Writing (as noted elsewhere in this book) should be an integral part of a graphic design curriculum, not just an add-on. Students should be required to write more, incorporating writing into the curriculum wherever possible: from project briefs and proposals to the text for a book, from headlines to taglines and catch phrases. Reinforce the notion that writing is an essential part of being a graphic designer (it’s not just the pictures). This can be accomplished right away in Typography One. In addition to teaching the formal qualities of letterforms, also encourage students to see the letterforms as words and that those words can have meaning. In an Identity course students should write a detailed position paper describing the kind of establishment or institution for which they will be creating an identity, thinking long and hard before they actually begin to “design” anything. Encourage this brainstorming, this conceptualization, and require students to do research on their projects even before they begin to design. Liberal arts should also be part of the Design Thesis or Capstone course (typically, at the senior-year).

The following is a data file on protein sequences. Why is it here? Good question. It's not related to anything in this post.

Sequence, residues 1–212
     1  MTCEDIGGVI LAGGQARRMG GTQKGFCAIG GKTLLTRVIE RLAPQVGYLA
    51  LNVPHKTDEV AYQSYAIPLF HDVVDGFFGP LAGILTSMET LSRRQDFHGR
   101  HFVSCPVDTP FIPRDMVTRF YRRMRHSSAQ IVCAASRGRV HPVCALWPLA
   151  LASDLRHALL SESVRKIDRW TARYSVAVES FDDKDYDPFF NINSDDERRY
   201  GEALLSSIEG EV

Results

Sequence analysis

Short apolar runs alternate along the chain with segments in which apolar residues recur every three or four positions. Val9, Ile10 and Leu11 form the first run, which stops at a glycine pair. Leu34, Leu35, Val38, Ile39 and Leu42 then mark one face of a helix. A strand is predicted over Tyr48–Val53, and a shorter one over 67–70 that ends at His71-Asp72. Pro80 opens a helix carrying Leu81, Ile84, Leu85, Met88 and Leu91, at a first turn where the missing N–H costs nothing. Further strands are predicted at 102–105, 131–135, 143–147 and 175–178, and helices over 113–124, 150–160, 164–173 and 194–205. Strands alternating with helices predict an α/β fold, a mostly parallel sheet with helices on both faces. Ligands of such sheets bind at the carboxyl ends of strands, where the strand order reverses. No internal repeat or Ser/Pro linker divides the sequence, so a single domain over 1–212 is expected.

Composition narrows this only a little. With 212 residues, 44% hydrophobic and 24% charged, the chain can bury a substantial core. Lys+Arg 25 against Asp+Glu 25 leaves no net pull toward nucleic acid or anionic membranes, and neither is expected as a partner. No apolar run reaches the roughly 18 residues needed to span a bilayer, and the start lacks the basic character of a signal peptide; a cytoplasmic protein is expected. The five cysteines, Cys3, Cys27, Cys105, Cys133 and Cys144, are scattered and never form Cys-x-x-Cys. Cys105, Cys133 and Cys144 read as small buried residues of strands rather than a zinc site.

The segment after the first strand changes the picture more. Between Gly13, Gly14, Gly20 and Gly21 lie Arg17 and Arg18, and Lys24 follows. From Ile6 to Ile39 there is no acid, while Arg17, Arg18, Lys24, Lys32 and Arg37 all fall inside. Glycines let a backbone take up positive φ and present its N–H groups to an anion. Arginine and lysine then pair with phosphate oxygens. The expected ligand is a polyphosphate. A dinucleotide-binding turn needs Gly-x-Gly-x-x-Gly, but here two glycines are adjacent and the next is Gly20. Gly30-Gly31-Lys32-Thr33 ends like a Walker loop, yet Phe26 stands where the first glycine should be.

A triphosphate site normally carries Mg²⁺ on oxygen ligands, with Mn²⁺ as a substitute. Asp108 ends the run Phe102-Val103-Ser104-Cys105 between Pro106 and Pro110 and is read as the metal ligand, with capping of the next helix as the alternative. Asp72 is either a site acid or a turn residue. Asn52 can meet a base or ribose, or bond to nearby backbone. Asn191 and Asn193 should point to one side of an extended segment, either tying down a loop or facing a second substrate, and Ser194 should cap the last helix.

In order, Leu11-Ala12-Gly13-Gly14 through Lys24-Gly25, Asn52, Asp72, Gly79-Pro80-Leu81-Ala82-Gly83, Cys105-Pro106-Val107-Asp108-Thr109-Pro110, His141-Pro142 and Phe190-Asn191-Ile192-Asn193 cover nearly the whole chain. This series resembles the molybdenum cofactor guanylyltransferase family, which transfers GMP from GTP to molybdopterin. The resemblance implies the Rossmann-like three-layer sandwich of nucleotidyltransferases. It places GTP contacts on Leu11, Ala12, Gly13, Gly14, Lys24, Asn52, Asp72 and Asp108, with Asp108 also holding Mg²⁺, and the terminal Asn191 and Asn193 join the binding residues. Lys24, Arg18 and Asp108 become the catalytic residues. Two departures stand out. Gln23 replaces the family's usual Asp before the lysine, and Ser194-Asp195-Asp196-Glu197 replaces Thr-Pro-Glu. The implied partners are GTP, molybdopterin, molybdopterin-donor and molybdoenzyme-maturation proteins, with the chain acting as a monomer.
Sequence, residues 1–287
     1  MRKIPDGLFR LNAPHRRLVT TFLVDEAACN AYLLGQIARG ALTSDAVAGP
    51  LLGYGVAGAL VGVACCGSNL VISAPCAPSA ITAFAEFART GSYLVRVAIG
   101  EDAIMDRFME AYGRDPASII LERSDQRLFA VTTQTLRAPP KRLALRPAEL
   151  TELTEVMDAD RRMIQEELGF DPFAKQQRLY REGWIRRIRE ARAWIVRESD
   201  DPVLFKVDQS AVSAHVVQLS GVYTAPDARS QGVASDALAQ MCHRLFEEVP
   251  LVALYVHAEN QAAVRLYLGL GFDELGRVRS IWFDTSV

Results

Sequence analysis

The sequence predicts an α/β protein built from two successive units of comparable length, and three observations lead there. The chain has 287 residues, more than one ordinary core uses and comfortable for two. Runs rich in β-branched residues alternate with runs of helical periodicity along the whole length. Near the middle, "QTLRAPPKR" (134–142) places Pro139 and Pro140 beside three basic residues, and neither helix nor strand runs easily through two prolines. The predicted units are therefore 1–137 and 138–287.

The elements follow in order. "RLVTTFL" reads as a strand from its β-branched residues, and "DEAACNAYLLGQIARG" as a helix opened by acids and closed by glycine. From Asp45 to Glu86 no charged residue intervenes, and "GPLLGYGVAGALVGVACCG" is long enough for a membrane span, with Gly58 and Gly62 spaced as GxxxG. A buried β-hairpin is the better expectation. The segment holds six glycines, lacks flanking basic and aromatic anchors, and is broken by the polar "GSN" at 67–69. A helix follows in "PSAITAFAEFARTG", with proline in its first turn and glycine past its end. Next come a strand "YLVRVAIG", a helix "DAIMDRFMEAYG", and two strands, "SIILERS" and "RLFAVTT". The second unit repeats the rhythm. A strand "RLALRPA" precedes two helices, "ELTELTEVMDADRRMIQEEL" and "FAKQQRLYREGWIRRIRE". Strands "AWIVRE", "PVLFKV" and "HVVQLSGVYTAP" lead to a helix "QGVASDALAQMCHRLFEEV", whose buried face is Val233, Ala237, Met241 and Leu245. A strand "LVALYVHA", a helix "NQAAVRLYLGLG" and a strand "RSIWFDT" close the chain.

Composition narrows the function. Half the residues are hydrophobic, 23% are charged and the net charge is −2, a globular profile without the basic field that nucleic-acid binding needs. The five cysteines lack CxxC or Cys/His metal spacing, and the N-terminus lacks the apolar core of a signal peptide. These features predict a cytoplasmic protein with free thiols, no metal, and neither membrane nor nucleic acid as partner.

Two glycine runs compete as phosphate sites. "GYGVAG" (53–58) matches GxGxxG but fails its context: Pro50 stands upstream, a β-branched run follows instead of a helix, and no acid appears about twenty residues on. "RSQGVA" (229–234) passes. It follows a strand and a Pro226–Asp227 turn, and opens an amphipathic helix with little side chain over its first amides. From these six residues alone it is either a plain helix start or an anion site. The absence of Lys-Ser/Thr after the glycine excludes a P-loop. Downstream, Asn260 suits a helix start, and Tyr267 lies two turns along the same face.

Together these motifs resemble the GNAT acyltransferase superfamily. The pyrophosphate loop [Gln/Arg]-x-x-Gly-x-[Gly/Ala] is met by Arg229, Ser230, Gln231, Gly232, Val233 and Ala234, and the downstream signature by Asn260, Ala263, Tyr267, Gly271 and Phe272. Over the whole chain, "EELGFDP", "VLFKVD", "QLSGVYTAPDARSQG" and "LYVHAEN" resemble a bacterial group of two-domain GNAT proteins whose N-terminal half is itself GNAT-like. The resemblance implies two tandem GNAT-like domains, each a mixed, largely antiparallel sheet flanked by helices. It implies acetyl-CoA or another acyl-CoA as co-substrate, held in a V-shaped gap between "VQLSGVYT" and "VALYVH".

The study of language and cultures other than ones own has never been more important. Not just for the greater global understanding and communicative knowledge that one acquires by studying a foreign culture and language, but also the rudimentary aspects of language usage. With the multiculturalism of the world today and in an age of global economies and information traveling so fast, this only makes more sense. A strong foundation in the liberal arts helps to foster this intellectual rigor, which will result in stronger thinkers.